Romanticism and early 19th century British
British painting in the early 1800s carried on many of the traditions of the previous century. Portraiture was still of central importance, and paintings of noble subjects from the Bible and from ancient and modern history continued to be produced. However, at the same time less elevated types of subject matter - such as paintings of animals, field sports and picturesque scenes of rustic life - developed in popularity.
With the end of the Napoleonic wars, British travellers could visit the mountain and river scenery of Europe again and the classical landscape of Italy was once more a magnet for artists. In Britain, the transformation from a mainly rural, agricultural economy into an urban, industrial one gathered pace and modern cities became subjects for some artists. Major provincial towns, including Liverpool, became important centres of art with their own institutions for teaching and exhibiting.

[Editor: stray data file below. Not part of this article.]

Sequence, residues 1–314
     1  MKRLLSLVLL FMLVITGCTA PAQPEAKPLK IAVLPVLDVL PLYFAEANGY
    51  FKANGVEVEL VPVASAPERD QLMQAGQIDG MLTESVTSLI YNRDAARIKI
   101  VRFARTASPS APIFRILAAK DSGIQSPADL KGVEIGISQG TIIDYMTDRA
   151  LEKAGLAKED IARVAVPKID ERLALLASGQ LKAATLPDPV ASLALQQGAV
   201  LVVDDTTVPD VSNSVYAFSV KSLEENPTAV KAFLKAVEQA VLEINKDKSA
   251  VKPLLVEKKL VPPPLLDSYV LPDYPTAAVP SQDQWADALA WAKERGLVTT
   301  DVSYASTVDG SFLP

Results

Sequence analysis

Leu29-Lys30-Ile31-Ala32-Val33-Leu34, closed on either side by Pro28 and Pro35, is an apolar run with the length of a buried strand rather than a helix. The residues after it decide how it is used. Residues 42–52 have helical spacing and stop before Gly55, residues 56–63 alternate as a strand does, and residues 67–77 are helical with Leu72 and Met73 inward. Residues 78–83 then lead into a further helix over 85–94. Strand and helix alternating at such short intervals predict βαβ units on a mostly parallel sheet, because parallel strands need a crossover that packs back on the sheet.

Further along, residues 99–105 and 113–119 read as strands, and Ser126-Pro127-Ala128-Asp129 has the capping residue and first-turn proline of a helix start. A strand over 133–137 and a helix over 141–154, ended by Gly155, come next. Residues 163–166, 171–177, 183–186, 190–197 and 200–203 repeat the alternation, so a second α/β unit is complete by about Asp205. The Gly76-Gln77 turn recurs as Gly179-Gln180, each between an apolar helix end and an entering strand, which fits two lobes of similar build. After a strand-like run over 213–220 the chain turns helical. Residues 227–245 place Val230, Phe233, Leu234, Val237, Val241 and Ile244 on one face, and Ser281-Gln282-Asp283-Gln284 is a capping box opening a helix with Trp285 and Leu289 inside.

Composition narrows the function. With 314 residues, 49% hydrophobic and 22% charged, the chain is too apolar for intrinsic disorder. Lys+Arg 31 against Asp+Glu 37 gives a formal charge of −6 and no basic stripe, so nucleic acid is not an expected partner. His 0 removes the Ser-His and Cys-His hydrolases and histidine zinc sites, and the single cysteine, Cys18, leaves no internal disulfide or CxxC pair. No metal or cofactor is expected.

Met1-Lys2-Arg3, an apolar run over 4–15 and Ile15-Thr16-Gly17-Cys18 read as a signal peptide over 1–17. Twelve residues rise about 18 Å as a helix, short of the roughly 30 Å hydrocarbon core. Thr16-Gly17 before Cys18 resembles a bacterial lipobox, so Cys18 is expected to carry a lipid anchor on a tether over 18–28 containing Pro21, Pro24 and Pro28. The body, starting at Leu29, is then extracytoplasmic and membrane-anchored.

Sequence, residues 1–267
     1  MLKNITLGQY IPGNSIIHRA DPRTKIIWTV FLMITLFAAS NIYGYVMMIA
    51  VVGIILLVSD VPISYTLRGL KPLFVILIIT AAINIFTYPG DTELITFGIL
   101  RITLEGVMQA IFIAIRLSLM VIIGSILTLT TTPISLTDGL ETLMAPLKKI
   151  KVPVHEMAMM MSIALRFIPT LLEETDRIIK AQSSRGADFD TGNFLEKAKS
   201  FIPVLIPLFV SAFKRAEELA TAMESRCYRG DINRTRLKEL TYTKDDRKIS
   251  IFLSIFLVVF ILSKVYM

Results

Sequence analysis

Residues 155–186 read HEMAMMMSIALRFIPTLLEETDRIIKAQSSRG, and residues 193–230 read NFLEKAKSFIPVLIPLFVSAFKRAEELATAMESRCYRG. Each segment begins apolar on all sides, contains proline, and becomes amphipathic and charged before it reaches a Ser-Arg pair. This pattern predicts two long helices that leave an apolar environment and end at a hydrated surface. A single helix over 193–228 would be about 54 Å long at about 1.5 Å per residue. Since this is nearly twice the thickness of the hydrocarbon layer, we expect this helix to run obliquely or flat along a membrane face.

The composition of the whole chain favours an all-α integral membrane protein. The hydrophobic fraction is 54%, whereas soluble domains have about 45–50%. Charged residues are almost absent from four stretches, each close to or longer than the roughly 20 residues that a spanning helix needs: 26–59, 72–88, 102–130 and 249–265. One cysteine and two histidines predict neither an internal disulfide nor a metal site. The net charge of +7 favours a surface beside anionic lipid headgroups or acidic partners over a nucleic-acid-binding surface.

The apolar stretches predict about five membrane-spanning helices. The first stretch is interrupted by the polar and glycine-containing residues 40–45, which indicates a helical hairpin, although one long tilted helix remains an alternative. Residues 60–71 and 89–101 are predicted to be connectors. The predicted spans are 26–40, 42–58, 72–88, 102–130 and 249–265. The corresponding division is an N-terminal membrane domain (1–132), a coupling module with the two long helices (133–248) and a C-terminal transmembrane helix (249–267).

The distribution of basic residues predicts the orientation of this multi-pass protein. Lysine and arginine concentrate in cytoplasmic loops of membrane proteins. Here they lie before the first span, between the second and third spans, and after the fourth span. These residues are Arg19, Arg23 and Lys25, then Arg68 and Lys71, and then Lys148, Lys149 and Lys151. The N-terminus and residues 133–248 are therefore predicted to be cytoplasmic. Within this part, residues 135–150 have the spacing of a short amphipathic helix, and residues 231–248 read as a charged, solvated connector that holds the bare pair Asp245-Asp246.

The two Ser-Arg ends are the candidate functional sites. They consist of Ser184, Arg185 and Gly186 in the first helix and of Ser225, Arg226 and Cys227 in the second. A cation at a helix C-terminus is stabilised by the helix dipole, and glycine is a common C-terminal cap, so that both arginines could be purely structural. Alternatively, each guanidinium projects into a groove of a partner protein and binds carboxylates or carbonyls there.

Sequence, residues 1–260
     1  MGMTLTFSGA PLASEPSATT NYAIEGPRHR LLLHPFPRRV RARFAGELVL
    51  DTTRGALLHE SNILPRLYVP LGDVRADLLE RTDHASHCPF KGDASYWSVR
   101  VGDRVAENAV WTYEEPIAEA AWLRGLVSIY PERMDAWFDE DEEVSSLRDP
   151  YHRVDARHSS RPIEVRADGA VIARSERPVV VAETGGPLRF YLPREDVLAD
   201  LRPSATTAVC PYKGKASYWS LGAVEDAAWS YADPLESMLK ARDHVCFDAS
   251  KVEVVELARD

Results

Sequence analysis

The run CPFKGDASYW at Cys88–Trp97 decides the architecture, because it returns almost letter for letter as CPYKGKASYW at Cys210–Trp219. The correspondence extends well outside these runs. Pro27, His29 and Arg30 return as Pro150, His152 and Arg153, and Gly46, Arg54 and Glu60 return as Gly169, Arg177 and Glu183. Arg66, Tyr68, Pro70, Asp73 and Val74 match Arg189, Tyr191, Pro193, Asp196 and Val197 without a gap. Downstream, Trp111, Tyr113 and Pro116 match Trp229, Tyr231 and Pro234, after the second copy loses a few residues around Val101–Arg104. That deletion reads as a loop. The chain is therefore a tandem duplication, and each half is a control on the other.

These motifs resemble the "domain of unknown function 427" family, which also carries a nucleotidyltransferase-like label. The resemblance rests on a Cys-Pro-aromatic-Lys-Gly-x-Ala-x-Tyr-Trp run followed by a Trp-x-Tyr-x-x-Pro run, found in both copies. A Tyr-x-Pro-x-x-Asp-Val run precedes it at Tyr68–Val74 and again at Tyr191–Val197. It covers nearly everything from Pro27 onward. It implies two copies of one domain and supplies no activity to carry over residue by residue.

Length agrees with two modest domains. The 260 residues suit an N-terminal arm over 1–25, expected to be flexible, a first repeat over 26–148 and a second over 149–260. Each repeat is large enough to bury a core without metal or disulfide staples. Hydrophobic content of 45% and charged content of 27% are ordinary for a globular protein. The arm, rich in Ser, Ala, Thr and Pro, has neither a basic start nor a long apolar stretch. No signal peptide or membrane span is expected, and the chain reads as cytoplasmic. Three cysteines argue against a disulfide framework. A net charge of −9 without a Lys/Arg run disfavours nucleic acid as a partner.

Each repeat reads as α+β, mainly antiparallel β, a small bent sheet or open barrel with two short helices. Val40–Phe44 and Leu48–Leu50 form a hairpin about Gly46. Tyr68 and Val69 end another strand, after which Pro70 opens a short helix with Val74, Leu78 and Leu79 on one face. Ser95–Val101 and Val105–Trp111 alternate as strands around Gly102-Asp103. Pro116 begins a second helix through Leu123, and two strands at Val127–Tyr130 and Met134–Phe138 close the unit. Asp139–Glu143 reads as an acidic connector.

- 'The Ruins of Holyrood Chapel', Louis Daguerre
- 'The Death of Nelson', Benjamin West
- 'Linlithgow Palace', JMW Turner
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